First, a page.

© 2017 Rudy Owens. All rights reserved.
Once again I found myself in San Diego on a perfect, warm day. A quarter of a century earlier, it felt like it did that sunny morning. During both trips to this sprawling, coastal city, I was hoping to meet someone I never really knew.
At best I expected to leave a note on her door while she was away at work. Maybe she might meet me for coffee after the workday, during my four-day trip. She likely would ignore the letter, and our lives would go on as they always had. I had planned almost entirely for this outcome.
But the events unfolded differently.
Less than two hours after landing, I had parked in front at her modest adobe style house, located a mile from Balboa Park. She was home on a weekday. Her car sat in the driveway.
Clearly things were not going as expected. I had no choice now. I sucked in a gulp of air and then knocked. With the door still closed, she asked for my name, and I told her it was Rudy Owens. Instead of turning me away, she invited me into her living room.
And there I sat on her couch, across from a woman two years younger than me. She had dark, shoulder-length brown hair and a chin and lips that very much resembled my own.
“You don’t know how lucky you are,” she said, with a sigh of resignation. I did not expect this outcome. Her comment caught me off guard, almost speechless.
I planned the trip on a whim 48 hours before, from my new home in Portland. I had previously found that improbable journeys with little possibility for success had always opened doorways to the unexpected. This was most true when it came to this lifelong quest that brought me to Southern California with the early morning flight on September 29, 2014.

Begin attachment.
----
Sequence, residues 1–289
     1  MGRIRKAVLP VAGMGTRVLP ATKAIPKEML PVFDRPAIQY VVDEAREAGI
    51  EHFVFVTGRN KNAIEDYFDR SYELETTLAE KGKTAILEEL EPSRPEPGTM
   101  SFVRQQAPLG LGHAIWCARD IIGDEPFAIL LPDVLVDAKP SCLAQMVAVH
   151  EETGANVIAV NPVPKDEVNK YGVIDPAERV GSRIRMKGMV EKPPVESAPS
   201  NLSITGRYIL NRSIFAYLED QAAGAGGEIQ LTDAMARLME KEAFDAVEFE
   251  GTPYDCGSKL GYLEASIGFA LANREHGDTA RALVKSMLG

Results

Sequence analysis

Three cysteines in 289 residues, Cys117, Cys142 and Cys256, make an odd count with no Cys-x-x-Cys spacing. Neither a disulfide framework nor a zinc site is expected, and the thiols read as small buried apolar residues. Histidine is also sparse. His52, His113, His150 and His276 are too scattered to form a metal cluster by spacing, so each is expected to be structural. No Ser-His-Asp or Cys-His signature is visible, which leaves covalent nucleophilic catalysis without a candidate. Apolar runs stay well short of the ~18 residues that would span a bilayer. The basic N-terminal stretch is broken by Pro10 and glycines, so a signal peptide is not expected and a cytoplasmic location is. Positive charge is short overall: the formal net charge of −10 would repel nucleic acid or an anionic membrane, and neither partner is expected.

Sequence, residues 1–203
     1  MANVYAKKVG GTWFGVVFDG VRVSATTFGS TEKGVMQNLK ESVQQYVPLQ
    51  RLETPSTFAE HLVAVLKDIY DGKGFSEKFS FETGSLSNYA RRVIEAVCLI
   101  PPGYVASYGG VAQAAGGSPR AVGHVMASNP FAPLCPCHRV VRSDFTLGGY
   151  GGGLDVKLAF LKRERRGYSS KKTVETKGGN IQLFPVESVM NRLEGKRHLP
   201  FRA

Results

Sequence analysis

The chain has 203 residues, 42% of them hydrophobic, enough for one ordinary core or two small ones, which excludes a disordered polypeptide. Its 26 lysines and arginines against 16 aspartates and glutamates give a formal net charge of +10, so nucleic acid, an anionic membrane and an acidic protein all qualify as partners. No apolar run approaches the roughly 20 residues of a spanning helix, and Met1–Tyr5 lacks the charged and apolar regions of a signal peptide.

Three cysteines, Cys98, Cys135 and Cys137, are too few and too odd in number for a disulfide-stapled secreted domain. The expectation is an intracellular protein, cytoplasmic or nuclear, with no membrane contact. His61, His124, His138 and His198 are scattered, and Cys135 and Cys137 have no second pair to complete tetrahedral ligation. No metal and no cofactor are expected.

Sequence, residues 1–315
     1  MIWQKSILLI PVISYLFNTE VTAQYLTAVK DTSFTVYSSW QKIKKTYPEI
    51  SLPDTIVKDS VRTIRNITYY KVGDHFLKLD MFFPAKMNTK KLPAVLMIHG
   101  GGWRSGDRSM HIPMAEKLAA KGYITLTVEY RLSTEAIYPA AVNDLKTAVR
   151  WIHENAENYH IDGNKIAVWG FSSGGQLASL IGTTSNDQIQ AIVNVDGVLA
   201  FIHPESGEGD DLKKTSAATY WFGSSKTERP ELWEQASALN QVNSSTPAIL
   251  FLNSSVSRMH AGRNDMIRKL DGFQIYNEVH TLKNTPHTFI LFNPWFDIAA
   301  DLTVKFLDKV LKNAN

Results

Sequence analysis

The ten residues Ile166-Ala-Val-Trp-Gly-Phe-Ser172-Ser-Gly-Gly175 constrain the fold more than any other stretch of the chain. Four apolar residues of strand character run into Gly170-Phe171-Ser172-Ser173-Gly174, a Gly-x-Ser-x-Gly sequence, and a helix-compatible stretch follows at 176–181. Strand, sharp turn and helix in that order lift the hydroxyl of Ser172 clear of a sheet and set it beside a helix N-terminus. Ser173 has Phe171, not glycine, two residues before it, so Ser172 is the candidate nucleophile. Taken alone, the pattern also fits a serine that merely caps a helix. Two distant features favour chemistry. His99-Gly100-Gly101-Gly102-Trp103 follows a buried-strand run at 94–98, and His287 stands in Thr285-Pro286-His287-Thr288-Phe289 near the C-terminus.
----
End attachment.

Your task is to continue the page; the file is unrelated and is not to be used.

The stranger sitting across from me shared half of my DNA. She was both my half-sister and a mystery. She looked tired that morning and every one of her 47 years. Dark bags hung under her eyes. She was buxom and appeared healthy for her age.
That early fall day she wore a black tank top and black yoga pants. She had dressed expecting to be home alone. She was not expecting to be in the company of a visitor who was also her half-brother. Yet, there I was, the 49-year-old man now facing her with her Chihuahua on his lap.
Up until that day I only existed in her wider family’s narrative as a liar, bogeyman, criminal, possible blackmailer, and family disruptor. I embodied every fearful stereotype societies have assigned to bastards and illegitimate children for centuries. They told themselves and others I was not related to them and was an imposter, not of the same blood. None of her family really knew who I was. I always thought that she and her family knew I was the bastard son of her deceased father, which only exacerbated their uncertainty.
In the end, I only existed in her imagination. Years of suspicion and likely fear and anger from the people closest to her created an imaginary threat.
If she harbored those feelings that morning, I could not see them. She had opened her house and treated me as a guest.
By coincidence that Monday morning, she was taking a day off work. She worked as an attorney for a local government. “I’m not surprised to see you,” she said. “It’s as if you were meant to come.” I could not agree more.
Read more: Chapter 2: The Most Suitable Plan